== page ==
“Well, both of them have spoken against our police force and they constantly speak against it, and we can’t have on any committee, it doesn’t matter what you have, to put somebody on that’s completely against what the committee is doing. It doesn’t work,” McCallum said. “When you’re developing something new, you have to at least have people, outside of councillor Annis, the rest of the people on council all campaigned, and promised to the Safe Surrey Coalition, that they would support, if elected, support our police and a couple of them have turned completely not supporting it.”

Who?

“Councillor Hundial is one,” he replied, “and councillor Locke has also indicated she is not happy with the way it is going, so they’ve been very outspoken about it, and so what we need is people on the committee, because we need to get a lot of decisions made once we get the green light, we need people on there that are positive, and also we need people on there that actually campaigned in the public on their number one platform, which is the number one issue that the public want to see, is their new police force.

“It makes complete sense, on any type of committee, to have those people that have carried the message from the residents who want their own police force, to be part of that committee.”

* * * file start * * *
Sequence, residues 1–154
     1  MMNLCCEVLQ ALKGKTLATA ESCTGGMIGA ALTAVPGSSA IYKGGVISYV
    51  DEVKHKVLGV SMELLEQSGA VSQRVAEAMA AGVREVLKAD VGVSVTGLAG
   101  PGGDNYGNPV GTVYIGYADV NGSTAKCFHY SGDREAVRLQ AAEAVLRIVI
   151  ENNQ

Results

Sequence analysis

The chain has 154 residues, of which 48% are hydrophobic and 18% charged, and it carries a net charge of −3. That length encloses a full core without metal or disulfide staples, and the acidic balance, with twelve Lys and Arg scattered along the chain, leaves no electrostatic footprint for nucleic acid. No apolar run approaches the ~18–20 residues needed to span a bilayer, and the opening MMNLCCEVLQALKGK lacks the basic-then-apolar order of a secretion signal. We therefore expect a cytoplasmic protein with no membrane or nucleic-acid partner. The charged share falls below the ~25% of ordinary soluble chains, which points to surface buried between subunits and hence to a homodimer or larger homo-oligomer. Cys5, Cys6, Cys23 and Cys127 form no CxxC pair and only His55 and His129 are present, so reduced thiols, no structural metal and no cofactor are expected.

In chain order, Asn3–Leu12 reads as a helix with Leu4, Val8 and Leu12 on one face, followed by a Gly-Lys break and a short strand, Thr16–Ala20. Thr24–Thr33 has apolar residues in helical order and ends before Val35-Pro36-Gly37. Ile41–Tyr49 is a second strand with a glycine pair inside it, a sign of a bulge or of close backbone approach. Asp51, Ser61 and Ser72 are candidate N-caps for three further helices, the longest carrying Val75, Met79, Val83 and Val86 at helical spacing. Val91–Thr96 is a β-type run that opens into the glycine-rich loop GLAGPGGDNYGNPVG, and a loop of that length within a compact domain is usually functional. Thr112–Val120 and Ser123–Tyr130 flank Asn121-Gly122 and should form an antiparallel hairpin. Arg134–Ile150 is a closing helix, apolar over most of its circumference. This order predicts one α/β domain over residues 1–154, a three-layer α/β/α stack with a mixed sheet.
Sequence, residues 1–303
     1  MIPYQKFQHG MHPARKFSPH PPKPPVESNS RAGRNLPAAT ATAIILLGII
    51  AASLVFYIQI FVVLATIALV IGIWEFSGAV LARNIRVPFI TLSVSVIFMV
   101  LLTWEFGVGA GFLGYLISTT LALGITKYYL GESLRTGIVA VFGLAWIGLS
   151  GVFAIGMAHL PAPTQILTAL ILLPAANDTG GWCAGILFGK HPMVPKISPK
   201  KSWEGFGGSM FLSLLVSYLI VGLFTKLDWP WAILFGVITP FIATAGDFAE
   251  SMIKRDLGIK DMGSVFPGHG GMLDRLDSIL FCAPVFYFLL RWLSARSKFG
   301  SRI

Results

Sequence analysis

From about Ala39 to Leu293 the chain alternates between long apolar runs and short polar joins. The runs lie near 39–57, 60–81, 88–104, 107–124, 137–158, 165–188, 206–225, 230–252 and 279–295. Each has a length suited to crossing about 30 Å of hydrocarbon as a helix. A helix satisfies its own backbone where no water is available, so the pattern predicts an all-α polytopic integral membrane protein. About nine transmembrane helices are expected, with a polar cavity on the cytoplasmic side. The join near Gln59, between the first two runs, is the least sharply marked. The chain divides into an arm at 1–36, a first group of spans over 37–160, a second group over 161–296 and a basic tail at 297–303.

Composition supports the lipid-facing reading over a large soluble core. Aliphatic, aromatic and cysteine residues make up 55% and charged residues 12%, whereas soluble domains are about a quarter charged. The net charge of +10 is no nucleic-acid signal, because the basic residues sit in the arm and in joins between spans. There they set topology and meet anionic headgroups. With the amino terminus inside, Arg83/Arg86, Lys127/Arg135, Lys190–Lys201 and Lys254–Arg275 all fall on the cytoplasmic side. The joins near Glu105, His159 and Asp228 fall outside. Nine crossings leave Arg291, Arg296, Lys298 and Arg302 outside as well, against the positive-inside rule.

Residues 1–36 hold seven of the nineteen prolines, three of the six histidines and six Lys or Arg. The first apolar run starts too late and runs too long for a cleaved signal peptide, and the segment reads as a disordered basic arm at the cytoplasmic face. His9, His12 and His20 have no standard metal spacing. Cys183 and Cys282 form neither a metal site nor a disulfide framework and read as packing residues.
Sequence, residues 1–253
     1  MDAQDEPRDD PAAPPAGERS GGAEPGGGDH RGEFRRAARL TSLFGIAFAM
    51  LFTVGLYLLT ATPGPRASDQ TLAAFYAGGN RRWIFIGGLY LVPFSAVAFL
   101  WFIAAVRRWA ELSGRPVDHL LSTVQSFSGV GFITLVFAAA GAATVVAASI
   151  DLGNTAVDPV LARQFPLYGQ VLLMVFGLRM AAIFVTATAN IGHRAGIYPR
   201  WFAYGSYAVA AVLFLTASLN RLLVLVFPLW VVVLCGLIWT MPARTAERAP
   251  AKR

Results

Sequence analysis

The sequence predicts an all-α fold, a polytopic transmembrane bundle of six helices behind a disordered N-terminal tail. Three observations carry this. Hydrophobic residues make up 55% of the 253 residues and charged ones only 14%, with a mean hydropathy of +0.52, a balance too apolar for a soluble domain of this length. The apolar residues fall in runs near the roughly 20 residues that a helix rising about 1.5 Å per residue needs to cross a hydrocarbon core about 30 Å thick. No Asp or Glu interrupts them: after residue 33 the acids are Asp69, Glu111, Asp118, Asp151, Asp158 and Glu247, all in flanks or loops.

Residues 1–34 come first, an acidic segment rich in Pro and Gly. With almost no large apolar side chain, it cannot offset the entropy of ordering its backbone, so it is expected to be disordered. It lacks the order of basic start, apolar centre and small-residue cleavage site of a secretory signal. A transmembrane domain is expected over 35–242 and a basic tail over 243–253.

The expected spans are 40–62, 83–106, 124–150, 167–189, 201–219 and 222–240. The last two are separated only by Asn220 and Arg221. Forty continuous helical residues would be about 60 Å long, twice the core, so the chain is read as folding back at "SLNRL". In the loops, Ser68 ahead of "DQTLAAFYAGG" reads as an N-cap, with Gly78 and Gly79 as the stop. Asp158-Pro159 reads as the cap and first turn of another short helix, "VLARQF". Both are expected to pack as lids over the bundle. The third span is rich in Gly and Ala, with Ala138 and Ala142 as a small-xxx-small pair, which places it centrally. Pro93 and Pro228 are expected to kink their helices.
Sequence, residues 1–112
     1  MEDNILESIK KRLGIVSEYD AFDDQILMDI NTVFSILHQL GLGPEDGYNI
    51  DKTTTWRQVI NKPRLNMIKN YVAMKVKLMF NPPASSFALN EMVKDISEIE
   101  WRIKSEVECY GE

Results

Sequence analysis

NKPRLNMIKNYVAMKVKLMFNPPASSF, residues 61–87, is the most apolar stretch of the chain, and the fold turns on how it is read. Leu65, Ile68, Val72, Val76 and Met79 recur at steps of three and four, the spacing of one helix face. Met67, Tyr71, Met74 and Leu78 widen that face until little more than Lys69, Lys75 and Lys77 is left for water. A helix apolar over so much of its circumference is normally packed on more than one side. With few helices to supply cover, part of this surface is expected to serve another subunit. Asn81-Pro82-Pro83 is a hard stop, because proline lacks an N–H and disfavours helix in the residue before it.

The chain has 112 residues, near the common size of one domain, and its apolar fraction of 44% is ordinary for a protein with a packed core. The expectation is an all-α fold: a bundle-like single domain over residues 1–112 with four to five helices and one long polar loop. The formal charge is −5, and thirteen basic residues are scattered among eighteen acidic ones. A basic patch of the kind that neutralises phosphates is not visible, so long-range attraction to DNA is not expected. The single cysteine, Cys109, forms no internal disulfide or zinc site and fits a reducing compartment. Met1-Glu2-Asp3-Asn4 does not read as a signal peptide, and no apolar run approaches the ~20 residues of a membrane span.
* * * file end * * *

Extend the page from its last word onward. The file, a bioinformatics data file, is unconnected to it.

McCallum says the new policing transition committee will be in place for three to six months, “to support the policing transition process leading up to the establishment of the police board.”

The City of Surrey sent its 189-page Policing Transition Report to the provincial government for review on June 3, but there has been no word of it being approved.

Meantime, Annis maintains shutting down the Public Safety Committee was a “poor decision because that committee includes every councillor and deals with so much more than just policing.

homelessphoto

Councillor Linda Annis

“But more than anything, this latest decision is a sad commentary on the state of our city hall and the Mayor’s office,” she said.

“Dissenting or different opinions are no longer welcome, and by only including his remaining Safe Surrey councillors on his advisory committee the mayor is guaranteed to hear exactly what he wants to hear. But, it’s out-of-touch with our community and taxpayers and that has to concern our community.

“We can expect to feel their grip on power tighten even more,” she said of the Safe Surrey Coalition. “I think we’re going to see more of this sort of isolated and intolerant behaviour, and that has to raise red flags for all of us in Surrey.”

Hundial told the Now-Leader he had emailed the mayor asking to be on the new IPTAC committee.